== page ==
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If you can’t find Lynette Rose in Coalville engaging with young people in her role as a Youth Engagement Officer, you’ll find her in her walking boots in the Yorkshire Moors guiding her cadet unit through their Duke of Edinburgh Awards.
Lynette joined the force five years ago as a Police Community Support Officer (PCSO) having previously worked at a boys’ boarding school.
As her children grew up Lynette found herself with more time and without the need for a term-time role, she was looking for another job.
“I knew I didn’t want to be sat in an office all day”, Lynette said. “And when I heard about PCSOs role from a friend who was in the police at the time, I was really interested.
“I’m a people person and love the idea of getting out and about, becoming part of the community I was serving to help make a difference.”
And Lynette did just that, now living and working the North West of the county.
When the new team of Youth Engagement Offices (YEOs) was set up last year, Lynette knew it was something she was interested in and thought she could make a difference.
She said: “I was already a cadet leader, working with young people in that way and teaching them about the way policing works.
“And with my previous experience of working with young people in the school environment, I knew I’d be a good fit for the youth team.”
The team was set up in November 2021, and there are eight YEOs across the nine Neighbourhood Policing Areas (NPA).
They were given the freedom to make the roles their own and decide how they wanted to approach it based on the needs of the area.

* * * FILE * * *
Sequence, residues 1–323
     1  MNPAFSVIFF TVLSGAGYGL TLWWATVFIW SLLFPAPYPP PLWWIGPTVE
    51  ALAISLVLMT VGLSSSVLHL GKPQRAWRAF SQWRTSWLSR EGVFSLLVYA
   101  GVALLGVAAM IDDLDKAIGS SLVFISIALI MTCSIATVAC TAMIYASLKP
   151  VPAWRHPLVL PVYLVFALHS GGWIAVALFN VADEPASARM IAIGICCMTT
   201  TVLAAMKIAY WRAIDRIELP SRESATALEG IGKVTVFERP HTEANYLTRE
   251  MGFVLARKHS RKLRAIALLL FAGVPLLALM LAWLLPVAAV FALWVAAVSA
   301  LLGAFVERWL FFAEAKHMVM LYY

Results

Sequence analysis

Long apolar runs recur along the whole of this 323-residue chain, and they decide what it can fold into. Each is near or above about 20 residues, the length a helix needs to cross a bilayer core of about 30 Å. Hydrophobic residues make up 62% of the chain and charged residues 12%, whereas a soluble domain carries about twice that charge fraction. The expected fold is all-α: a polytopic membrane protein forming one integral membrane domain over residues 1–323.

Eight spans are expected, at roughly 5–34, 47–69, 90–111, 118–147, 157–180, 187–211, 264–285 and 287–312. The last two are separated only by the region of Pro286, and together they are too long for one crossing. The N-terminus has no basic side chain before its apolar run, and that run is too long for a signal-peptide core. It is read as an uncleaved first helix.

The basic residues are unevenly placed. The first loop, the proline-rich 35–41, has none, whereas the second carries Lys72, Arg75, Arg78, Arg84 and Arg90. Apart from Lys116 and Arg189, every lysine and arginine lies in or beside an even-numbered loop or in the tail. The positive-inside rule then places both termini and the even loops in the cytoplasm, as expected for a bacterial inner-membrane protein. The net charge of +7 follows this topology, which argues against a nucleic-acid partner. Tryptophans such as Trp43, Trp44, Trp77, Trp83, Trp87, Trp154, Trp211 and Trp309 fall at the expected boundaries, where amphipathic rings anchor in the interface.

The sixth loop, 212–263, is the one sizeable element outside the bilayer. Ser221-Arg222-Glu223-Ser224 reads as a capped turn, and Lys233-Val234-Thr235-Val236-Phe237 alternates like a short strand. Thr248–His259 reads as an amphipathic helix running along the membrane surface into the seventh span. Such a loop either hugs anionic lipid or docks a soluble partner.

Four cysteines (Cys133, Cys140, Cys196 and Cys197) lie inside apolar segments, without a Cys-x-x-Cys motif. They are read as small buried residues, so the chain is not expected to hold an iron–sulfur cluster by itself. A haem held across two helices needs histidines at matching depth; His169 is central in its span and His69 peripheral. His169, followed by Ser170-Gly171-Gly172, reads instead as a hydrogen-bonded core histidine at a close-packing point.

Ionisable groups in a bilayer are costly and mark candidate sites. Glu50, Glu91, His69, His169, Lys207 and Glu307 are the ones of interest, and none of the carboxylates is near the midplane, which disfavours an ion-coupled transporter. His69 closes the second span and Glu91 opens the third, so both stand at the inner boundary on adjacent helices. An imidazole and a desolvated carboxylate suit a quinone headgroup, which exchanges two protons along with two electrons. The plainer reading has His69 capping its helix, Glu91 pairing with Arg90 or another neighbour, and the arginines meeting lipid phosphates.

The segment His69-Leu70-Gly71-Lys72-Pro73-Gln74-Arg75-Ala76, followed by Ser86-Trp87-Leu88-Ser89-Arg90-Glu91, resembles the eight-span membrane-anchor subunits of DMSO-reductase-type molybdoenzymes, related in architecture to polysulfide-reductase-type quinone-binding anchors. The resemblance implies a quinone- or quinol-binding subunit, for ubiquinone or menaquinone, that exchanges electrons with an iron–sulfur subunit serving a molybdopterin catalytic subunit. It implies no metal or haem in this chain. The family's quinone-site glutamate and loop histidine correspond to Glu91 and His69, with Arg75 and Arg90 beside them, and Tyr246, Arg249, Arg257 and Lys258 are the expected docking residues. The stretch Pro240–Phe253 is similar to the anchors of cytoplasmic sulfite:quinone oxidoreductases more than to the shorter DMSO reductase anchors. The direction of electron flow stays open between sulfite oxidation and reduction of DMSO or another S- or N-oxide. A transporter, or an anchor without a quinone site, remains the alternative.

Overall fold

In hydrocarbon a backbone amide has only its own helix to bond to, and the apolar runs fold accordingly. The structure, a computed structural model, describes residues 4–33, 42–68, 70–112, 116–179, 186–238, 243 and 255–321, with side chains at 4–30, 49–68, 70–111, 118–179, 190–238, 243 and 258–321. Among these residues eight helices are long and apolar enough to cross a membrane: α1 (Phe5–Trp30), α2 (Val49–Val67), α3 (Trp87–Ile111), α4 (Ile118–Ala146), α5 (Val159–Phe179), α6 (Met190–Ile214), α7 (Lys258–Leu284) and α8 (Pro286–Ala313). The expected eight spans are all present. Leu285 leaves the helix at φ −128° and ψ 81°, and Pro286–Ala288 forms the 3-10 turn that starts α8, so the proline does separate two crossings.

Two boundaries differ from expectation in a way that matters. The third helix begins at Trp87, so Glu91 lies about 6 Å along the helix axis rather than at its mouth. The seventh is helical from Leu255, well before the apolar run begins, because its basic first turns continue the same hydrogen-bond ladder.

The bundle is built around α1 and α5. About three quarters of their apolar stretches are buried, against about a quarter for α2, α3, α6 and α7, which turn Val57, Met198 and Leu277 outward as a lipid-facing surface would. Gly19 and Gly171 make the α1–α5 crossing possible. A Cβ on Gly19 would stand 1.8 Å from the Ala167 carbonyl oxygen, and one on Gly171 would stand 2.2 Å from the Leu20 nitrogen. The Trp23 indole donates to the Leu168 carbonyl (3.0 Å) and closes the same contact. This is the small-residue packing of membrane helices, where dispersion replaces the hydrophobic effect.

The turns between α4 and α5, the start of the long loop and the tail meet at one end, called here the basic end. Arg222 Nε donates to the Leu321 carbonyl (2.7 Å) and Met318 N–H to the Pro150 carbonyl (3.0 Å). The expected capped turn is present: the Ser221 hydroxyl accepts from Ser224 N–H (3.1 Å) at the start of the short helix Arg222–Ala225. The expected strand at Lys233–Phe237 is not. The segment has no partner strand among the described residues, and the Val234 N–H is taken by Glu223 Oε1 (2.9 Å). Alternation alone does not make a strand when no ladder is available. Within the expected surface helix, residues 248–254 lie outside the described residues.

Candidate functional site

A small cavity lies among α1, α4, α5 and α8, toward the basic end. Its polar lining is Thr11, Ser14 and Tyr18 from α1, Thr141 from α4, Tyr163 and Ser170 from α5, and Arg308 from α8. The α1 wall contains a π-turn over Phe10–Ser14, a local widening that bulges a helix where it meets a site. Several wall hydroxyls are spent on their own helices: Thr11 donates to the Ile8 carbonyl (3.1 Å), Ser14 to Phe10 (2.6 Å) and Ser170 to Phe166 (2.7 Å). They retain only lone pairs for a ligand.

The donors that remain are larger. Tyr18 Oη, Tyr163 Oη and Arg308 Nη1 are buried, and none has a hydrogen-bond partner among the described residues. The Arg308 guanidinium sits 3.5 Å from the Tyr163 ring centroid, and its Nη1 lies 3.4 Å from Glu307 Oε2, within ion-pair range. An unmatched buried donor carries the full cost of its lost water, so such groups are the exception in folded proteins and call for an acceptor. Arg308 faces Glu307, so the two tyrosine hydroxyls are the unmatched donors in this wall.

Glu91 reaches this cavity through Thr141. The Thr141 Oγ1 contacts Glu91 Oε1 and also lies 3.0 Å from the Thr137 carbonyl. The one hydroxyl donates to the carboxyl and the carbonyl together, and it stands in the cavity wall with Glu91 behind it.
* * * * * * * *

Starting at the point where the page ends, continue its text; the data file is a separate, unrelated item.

“I was a PCSO in Coalville too, and wanted to stay there as I know the area and knew some of the crime types that are a problem,” Lynette said.
“As the YEO for the NPA, I’ve linked in with all the secondary schools and have been going in this last school term, making sure they know my face and they know I’m a safe place to go to talk about anything that might be troubling them.
“Many of the young people ask me lots of questions about what might happen if they are found with drugs, for example – and I tell them.
“Part of the role is about of teaching them about the consequences of their actions, about nipping and bad or criminal behaviour in the bud; to stop it before it starts.”
In the run up to the end of the summer term, Lynette also visited some Y6 classes in primary schools, talking to the new Y7s about her role and to expect to see her in the new term at their new schools. She also spoke to them about what anti-social behaviour is, dangerous places to play and how to stay safe during the holidays.
She said: “I’ll be going into all the secondary schools in the area from September and being present for students to talk to, but also delivering workshops to the different year groups covering things like County Lines, money mules, and Knife crime.”
And before all that begins in September, Lynette will be supervising young people in Derbyshire and Wales who are carrying out their Duke of Edinburgh silver and gold assessments, as well as a residential trip for the cadets to Wales.
“I love working with young people and this role is the best of both worlds – working with those in schools and with cadets, who have more of an interest in policing themselves,” Lynette said.
“I love my job, it is extremely rewarding supporting young people both in school and with their future careers and life decisions."